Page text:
The Jakarta Post
Women teachers have a lower success rate compared to their male counterparts since housechores hold them back from attaining minimum degree required for certification in the profession, an official says.
Subandi Sardjoko, director of demography, women’s empowerment and child protection at the National Development Planning Board, said that the percentage of men obtaining teaching certifications was greater than the percentage of women.
“This has led to greater number of male principals despite a greater number of female teachers,” he said.
A greater number of women principals are only found at the kindergarten level.
Data from the National Education Ministry showed that in 2007 women accounted more than a half the number of school teachers from the elementary to high school levels while the situation was reversed when it came to principals.
For elementary schools, 66.22 percent of principals were men and 33.78 percent were women. For junior high schools, 86.65 percent of principals were men and 13.35 percent were women.
For high schools, 88.19 percent of principals were men and 11.81 percent were women.
Kindergartens had the highest number of female principals, 96.26 percent; only 3.74 percent of kindergartens had male principals.
The certification policy for teachers that started in 2006 bars those who do not have an undergraduate degree from being appointed as principals.
The ministry’s directorate general for teacher quality improvement said that 66 percent of male mathematics and natural science teachers were certified as of 2008, while only 34 percent of female teachers certified.
Subandi said that to be a principal, a teacher should be a university graduate. For teachers living in remote areas, this meant they had to leave their families and homes for a while, he added.
He said that most women teachers preferred to take care of their families rather than pursuing
“Perhaps in the future, we might create a distance learning system for the women teachers so that they could take care of their families and receive equal treatment in their education and careers,” he said.
Soedijarto, an education expert at Jakarta State University, said that he had yet to see any problem for women or men in becoming principals.
“Everyone has the same opportunity to be principals.
“Teachers who want to be principals should have good leadership and management skills since principals today are required to manage the school. Not everyone has this leadership potential. The ministry should hold managerial training for principal candidates,” he said.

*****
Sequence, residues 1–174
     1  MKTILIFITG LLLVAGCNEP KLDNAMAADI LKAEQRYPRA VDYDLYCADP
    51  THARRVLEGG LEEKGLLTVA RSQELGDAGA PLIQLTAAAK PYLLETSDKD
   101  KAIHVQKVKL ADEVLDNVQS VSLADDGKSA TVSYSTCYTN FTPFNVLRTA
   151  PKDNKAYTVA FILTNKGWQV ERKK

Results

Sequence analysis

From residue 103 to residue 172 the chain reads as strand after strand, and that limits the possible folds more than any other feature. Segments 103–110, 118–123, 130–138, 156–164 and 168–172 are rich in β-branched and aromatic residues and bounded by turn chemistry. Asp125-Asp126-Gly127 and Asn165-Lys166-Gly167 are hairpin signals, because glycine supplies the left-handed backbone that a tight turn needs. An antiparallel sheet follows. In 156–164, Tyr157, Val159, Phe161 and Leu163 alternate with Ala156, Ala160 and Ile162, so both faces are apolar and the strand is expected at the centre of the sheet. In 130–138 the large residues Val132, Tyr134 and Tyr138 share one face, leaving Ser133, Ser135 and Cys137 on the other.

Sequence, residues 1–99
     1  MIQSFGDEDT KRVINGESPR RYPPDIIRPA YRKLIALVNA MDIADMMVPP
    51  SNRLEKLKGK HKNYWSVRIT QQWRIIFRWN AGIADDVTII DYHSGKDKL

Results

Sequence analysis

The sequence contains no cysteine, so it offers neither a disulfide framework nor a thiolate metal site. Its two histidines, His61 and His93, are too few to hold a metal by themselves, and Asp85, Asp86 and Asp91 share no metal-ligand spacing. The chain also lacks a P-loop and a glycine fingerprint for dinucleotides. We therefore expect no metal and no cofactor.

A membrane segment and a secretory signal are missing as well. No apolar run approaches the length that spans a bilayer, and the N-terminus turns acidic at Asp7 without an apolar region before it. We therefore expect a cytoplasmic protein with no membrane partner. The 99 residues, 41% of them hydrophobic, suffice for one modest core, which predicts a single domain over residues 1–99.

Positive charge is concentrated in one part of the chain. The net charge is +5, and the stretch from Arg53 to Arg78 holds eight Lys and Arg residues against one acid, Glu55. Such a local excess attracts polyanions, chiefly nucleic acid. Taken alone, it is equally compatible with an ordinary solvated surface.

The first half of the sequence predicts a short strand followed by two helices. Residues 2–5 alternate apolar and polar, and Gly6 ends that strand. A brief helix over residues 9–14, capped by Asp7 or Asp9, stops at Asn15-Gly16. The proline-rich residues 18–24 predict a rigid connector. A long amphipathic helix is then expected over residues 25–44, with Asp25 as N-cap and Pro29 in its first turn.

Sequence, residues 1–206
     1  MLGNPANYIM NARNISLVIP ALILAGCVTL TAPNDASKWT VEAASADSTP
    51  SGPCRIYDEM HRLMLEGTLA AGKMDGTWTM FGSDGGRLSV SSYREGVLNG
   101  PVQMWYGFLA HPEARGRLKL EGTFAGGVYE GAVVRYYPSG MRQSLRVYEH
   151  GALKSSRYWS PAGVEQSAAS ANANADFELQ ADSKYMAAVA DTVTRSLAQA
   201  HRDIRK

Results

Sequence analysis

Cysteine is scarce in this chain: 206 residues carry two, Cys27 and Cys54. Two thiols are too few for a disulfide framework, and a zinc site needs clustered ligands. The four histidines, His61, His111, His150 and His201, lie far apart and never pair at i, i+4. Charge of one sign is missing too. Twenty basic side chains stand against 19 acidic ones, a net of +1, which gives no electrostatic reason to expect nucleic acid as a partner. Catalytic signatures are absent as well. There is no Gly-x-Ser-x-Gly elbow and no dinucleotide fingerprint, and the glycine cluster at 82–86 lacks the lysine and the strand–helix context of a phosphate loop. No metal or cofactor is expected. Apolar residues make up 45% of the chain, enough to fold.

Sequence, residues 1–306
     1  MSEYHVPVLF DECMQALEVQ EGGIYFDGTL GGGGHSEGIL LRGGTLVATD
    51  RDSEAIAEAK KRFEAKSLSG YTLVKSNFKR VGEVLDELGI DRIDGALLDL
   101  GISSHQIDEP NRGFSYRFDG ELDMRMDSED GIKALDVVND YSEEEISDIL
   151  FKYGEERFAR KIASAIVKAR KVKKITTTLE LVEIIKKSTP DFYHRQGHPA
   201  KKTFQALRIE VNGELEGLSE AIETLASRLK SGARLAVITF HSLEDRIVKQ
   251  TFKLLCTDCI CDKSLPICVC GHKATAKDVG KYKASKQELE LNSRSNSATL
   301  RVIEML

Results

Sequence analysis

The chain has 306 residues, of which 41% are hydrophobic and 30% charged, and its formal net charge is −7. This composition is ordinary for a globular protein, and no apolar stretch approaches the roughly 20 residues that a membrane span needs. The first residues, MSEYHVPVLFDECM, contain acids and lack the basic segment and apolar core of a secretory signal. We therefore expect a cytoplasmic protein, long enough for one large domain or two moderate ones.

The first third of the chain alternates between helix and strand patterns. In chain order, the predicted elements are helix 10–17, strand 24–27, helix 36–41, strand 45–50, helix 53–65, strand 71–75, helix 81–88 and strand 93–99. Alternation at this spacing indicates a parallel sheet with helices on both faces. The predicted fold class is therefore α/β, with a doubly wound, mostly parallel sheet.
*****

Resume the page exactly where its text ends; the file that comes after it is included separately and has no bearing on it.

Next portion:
Soediharto said that to receive certification, teachers were supposed to have university degree. However, he added, teachers also needed to evince a high teaching competency.
“We can set benchmarks such as used in Germany or the US that apply a kind of probation period for teacher candidates. In Germany, teacher candidates must teach for 18 months before being declared fit and proper to be teachers, while in the US teacher candidates must study at university for one year,” he said.
According to the National Education Ministry, the nation had more than 2.6 million teachers in 2009 — 630,000 at private schools and 1.97 million at public schools — 57 percent of whom lacked university or college diplomas and 78 percent of whom were uncertified.
Subandi said that there should be a gender pathway analysis that to serve as a basis for creating gender-responsive policies. He said that such an analysis should provide data that was classified by sex and recognize gender issues in each institution.
Women spent less time in school than men, according to researchers. The 2008 National Social Economy Survey said that men in urban areas spent 9.4 years in school while women spent 8.5 years. In rural areas, the numbers were 6.6 years and 5.7 years, respectively.
The survey also showed a disparity in literacy rates between men and women over 45 years old.
In urban areas, the literacy rate was 93.35 percent for men and 80.86 percent for women, while in rural areas the rates were 84.24 percent and 65.54 percent, according to the survey.
“However, for boys and girls between 10 and 14 years of age, the percentage is equal in both urban and rural areas. It means that the current generation has equal opportunities in education, regardless of gender,” Subandi said.